Do you spend a lot of time cleaning up your data before you create a chart? You can save time by utilizing the chart data sheet more effectively.
Horizontal Stacked Bar Chart Example
This chart from our Chart of the Week series shows the largest over-budget construction projects. It's a good example of how to use the data sheet to reduce the time you spend on data manipulation.
The data sheet for this chart includes the Original Budget and Final Cost columns which are used to calculate % Over Budget. It also includes project timing data (Start, Deadline and End columns) which are used to calculate the Years Late column. The calculations are done in the data sheet. So, the columns are necessary but we do not want them to appear on the chart.
You can see below that the data for this chart is transposed in the data sheet. The project names (e.g. Sochi Olympics) are shown as rows, but we want them to be bars on the chart. You do not need to manually transpose the data. Simply click on the Switch Bars and Series icon (highlighted in blue in the upper right corner) and Mekko Graphics will make the switch without altering the data sheet.
To remove the data used in the calculations from the chart, click on Bars and Series in the Mekko Graphics ribbon. Uncheck the boxes under the Chart column for the data you want to exclude from the chart. Check the boxes under the Data column for the data you want to show in columns next to the chart (% Over Budget and Years Late). Format the numbers in the data columns by using the dropdown menu in the Number Format column.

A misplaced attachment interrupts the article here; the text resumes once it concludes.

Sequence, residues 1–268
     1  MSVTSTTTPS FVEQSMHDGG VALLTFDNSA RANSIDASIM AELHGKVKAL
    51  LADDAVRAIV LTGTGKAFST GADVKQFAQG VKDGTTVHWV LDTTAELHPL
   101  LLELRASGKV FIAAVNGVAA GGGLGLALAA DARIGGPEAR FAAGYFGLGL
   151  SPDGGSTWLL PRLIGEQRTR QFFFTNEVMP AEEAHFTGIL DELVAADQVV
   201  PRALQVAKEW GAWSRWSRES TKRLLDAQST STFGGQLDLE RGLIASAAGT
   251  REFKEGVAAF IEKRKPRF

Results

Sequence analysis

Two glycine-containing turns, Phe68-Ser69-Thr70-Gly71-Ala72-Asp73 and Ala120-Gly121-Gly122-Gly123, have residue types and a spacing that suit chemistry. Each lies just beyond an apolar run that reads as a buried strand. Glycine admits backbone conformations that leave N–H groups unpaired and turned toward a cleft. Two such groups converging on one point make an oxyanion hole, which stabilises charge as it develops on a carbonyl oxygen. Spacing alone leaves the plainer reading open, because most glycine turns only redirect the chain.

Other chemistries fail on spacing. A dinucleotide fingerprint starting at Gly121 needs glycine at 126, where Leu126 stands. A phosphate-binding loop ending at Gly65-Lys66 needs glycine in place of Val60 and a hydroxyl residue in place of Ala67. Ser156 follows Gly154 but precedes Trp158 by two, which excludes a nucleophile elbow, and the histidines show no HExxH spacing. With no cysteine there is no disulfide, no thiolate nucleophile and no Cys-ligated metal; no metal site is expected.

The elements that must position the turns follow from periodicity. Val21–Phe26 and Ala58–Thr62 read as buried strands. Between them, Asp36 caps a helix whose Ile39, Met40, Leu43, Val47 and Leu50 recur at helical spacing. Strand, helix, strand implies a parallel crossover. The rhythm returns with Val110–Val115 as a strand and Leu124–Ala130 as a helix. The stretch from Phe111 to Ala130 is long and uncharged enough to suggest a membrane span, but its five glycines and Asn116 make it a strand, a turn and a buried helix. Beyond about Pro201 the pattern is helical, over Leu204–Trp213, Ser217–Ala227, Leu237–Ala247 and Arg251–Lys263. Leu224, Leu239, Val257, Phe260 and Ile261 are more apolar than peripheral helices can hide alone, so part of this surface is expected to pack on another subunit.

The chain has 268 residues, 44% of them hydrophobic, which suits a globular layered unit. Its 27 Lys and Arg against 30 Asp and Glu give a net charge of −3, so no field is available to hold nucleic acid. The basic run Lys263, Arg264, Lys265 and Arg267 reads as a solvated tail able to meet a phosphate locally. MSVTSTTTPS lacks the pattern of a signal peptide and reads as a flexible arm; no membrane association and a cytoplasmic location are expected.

- Do your calculations directly in the chart data sheet to save time
- You do not need to remove data from the data sheet to exclude it from your chart
- Use Switch Bars and Series in the data sheet to quickly modify your data structure
Notice that the bar totals on the chart are shown in billions but the data sheet is in actual dollars. Choose Chart from the Mekko Graphics ribbon and go to the Values tab. Under Data Scale, choose a value of 9 to convert actual dollars to billions on the chart. This makes the chart easier to read, but it does not change the underlying data.
Bar Mekko Chart in Excel Example
Leveraging the data sheet also comes in handy when you have more data than you can practically plot on the chart. In this bar mekko chart in Excel, the data was copied from a National Highway and Traffic Safety Administration (NHSTA) report. It was easier to include all of the cities shown in the report. There are 34 cities included in the data, but a bar mekko chart with all cities would be unreadable. Again, we used Switch Bars and Series (shown in the Mekko Graphics Edit Chart ribbon) to create this chart.
To remove cities from the chart, go to Bars and Series. Uncheck the box under the Chart column for the cities you want to exclude.
Sort the bars (highest on left) by choosing Chart from the Mekko Graphics ribbon and going to the Sort tab. The chart will change but the underlying data remains the same.